7. What's the Biggest Beach Clean Up Effort in History?
Beach cleanups have become a popular community-centered activity for addressing trash pollution. And while they exist on every continent, the United Nations named one such event the "world’s largest beach clean-up project" to have ever been completed.
Do you know where it happened?
Answer: Versova Beach in Mumbai, India
Once an informal dumpster, Mumbai's Versova Beach was avoided by people and animals for years. In 2015, a local man named Afroz Shah had enough and started recruiting his neighbors to clean up the beach. Eventually, over 1,000 volunteers picked up around 5,500 tons of trash.
While clean-ups are organized whenever trash washes up, the beach has now become a popular tourist attraction and a pleasant space for locals to enjoy the sea.
8. In What Decade Is the Ozone Layer Estimated to Be Fully Healed?
For decades, humans used very harmful chemicals that created holes in the Ozone Layer — that handy part of the atmosphere that protects us from the sun.
Thankfully, once we realized the harm we were causing, we passed laws to protect the Ozone Layer. And our efforts have paid off: Much of the layer is recovered or recovering. The United Nations estimates it'll be good as new in 2069.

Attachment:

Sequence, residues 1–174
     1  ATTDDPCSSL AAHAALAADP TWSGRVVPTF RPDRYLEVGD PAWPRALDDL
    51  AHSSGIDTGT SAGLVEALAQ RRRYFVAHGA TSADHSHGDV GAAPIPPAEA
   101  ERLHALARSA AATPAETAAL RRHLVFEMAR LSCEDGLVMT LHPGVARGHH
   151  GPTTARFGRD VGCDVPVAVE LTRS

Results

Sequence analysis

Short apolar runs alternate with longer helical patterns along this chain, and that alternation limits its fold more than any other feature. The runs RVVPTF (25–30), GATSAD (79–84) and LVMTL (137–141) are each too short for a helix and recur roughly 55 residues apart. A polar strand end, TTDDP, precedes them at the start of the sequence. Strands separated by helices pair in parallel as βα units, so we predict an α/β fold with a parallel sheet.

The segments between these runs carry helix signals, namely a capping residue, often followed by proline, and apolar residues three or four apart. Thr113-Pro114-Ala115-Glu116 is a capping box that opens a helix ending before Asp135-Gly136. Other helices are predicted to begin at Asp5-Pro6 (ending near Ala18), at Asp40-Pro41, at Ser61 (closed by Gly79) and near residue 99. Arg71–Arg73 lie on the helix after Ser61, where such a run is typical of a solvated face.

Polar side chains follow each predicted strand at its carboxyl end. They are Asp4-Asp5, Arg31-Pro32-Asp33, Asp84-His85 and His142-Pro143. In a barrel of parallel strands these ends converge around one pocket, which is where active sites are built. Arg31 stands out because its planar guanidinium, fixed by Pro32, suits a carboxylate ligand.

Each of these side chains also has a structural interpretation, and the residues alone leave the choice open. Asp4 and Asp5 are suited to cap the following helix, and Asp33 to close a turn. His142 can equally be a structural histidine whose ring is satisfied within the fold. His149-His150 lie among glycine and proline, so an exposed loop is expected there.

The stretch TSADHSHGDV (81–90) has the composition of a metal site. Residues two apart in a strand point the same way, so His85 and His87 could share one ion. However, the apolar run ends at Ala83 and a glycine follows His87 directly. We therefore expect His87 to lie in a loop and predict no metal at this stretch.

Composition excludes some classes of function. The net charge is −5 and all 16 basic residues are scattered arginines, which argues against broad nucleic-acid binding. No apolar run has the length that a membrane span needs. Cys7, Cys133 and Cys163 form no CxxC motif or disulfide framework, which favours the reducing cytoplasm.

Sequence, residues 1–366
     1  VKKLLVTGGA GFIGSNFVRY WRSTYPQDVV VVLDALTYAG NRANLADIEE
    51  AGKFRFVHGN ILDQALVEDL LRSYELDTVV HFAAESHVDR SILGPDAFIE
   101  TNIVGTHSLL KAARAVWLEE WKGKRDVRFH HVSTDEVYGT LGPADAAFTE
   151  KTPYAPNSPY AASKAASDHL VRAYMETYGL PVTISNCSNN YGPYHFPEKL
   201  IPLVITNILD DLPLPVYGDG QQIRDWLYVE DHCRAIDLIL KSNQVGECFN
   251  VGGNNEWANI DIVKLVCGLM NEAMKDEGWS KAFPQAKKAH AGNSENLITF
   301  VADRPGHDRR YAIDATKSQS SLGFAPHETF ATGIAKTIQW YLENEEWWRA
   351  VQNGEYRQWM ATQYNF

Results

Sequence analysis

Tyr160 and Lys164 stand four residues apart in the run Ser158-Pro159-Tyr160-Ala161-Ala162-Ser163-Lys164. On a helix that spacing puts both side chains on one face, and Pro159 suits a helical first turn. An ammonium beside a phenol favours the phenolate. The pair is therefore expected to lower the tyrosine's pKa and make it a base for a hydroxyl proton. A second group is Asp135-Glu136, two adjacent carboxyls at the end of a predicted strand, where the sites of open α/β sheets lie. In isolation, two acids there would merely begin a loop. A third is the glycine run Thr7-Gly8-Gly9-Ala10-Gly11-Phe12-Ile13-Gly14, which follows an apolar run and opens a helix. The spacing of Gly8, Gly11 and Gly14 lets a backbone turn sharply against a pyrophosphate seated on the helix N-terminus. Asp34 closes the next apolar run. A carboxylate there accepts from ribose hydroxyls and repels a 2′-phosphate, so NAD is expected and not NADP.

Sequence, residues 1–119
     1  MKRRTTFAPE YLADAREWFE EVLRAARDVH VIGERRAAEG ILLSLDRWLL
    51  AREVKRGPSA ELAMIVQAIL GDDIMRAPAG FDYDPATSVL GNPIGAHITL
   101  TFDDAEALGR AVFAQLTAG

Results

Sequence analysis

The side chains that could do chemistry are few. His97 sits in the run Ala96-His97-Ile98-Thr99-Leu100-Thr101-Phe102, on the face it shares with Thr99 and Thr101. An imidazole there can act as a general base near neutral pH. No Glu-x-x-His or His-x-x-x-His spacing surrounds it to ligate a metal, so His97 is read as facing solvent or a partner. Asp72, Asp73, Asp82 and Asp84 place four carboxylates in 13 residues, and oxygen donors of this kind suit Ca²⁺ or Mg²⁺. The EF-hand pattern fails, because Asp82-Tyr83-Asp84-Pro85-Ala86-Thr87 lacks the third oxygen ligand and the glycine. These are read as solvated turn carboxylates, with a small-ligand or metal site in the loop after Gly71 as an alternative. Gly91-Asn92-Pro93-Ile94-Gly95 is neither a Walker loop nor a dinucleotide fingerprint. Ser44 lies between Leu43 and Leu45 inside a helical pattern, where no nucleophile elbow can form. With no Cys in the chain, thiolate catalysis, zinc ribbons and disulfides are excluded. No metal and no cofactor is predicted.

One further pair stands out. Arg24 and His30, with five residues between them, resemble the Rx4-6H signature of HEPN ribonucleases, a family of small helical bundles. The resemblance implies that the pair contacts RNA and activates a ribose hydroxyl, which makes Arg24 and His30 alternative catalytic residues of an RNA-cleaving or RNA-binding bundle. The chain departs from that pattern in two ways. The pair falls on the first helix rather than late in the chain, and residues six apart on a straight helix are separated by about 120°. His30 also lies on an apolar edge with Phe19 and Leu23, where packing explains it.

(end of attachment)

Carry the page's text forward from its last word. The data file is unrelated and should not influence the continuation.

This is proof that environmental efforts work!
9. How Many People Celebrate Earth Day Each Year?
Earth Day is celebrated around the globe and is estimated to be one of the largest secular holidays.
Answer: 1 Billion
People participate in calls to action, volunteer at events, donate money or do fun Earth Day quizzes with their kids.
Every little bit helps.
10. Which Country Has the Highest Recycling Rate?
The world as a whole is becoming better and better at recycling.
But one nation takes it more seriously than any other.
Germany can proudly declare that it recycles around 67 percent of its waste. That's impressive for a highly developed country with 83.2 million people.
The European nation owes this feat to government policy providing infrastructure and a high public awareness and participation rate.